“When my uncle was murdered”, Cecilia continued, “I was 18 and for the same reason (death threats to his family) I didn’t take part in his funeral – a suffering in suffering. It was then too dangerous; my father, for the sake of caution, didn’t let my mother physically approach Archbishop Romero, who was the first to advise her not to do so. I must say that the danger continued even after his death. Until the 1990s it was impossible to talk about Romero openly. His name was a burden, I would say, until John Paul II’s visit in 1996: from that moment things began to change”.

Much has been said about Romero in these long years. May it help us understand who he really was. “His life was strongly marked by a unique coherence between the values in which he believed, his faith and his daily life. He fought for human rights and not only in words, he paid with his life for his courage and determination in opposing the military dictatorship. His sense of charity extended even to his persecutors to whom he preached conversion to good. He was accused of belonging in the ranks of liberation theology, but his was only a Christian heart that suffered for and with the weakest. Romero only wanted to lead the country out of violence, combating what he himself called “injustice”.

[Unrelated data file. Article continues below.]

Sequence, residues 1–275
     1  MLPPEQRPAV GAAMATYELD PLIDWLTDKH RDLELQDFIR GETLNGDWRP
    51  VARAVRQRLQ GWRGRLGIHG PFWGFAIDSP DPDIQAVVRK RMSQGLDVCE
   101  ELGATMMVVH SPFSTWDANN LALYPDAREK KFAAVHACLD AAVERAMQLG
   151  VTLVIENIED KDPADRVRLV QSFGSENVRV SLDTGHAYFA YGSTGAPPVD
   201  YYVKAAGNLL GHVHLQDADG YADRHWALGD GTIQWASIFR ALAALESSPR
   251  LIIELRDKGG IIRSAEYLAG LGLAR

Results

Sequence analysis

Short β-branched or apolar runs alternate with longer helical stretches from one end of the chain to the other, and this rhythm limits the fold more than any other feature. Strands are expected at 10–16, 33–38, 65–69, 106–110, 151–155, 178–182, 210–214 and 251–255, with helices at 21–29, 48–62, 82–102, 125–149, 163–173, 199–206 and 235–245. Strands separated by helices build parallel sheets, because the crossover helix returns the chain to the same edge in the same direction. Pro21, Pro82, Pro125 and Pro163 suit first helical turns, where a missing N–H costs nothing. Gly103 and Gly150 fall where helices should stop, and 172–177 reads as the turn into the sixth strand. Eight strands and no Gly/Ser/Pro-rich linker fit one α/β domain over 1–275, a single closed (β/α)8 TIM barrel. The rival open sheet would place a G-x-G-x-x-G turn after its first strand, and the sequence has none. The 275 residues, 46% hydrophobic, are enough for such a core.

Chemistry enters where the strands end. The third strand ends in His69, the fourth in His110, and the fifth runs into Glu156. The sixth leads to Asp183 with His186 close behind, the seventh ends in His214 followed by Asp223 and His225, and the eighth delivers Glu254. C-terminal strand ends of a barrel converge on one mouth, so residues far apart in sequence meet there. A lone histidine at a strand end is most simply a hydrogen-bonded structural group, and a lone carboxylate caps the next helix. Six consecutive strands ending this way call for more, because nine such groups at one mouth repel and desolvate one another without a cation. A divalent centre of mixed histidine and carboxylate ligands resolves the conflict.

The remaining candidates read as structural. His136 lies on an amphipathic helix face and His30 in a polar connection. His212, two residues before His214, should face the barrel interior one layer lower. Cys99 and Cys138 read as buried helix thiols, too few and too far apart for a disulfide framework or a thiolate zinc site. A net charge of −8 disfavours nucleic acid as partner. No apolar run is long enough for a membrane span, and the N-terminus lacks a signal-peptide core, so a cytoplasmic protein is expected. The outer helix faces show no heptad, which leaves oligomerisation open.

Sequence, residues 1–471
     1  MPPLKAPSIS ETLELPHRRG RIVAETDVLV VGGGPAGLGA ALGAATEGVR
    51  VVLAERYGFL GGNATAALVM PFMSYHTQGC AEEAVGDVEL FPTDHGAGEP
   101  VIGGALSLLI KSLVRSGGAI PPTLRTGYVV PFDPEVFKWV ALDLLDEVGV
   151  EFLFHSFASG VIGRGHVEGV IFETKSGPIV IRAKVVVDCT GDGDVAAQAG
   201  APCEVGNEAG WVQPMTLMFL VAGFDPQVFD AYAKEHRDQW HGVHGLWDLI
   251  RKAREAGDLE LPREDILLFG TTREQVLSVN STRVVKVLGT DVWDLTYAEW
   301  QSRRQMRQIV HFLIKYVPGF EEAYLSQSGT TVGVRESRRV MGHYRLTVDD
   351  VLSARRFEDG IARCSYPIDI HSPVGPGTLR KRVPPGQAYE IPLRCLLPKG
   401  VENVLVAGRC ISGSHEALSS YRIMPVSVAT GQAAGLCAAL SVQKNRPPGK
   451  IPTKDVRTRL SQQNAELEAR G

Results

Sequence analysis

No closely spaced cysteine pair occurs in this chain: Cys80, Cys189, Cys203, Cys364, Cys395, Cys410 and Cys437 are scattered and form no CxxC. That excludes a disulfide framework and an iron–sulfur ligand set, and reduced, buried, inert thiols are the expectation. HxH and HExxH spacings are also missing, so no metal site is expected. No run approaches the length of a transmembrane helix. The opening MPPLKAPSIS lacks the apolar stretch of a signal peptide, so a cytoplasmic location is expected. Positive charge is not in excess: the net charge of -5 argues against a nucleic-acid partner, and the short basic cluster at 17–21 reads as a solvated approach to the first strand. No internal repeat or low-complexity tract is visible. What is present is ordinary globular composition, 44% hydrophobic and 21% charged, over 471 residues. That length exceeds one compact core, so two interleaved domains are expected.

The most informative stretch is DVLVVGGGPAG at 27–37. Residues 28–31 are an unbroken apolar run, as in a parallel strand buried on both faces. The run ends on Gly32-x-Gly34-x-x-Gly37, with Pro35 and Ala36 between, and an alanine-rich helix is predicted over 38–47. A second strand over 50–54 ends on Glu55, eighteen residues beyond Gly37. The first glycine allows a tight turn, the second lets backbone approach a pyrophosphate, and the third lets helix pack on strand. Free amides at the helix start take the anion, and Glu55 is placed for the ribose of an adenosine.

What is left of the years of the Civil War? Is the memory of it still alive in Salvadorean society? What do the younger generations think of it? “The Civil War cannot be forgotten, although so many years have passed. During the Civil War about two per cent of the population lost their lives. This is an overwhelming fact if we think of what this means, in practice, in Salvadorean families. Everywhere there are traces of those tragic events. Many 30-year-olds are the orphaned children of the past. El Salvador, in fact, is at last a democracy, crushed by the terrible legacy of the Civil War and of course the global economic crisis. To return to Romero, there is a date that marks the “before” and the “after” of his life: it is 12 March 1977, when Rutilio Grande, a Jesuit, was killed in Anguilares, a small village in the north of El Salvador. Why is this date so important? “Rutilio Grande was his best friend. And he had one great merit: he brought Romero close to people. I think that the atrocious end of his best friend heralded a new phase in Romero, from the viewpoints of humanity and faith. The crime overwhelmed him. Unfortunately, after Rutilio Grande, Romero also saw other priests die”.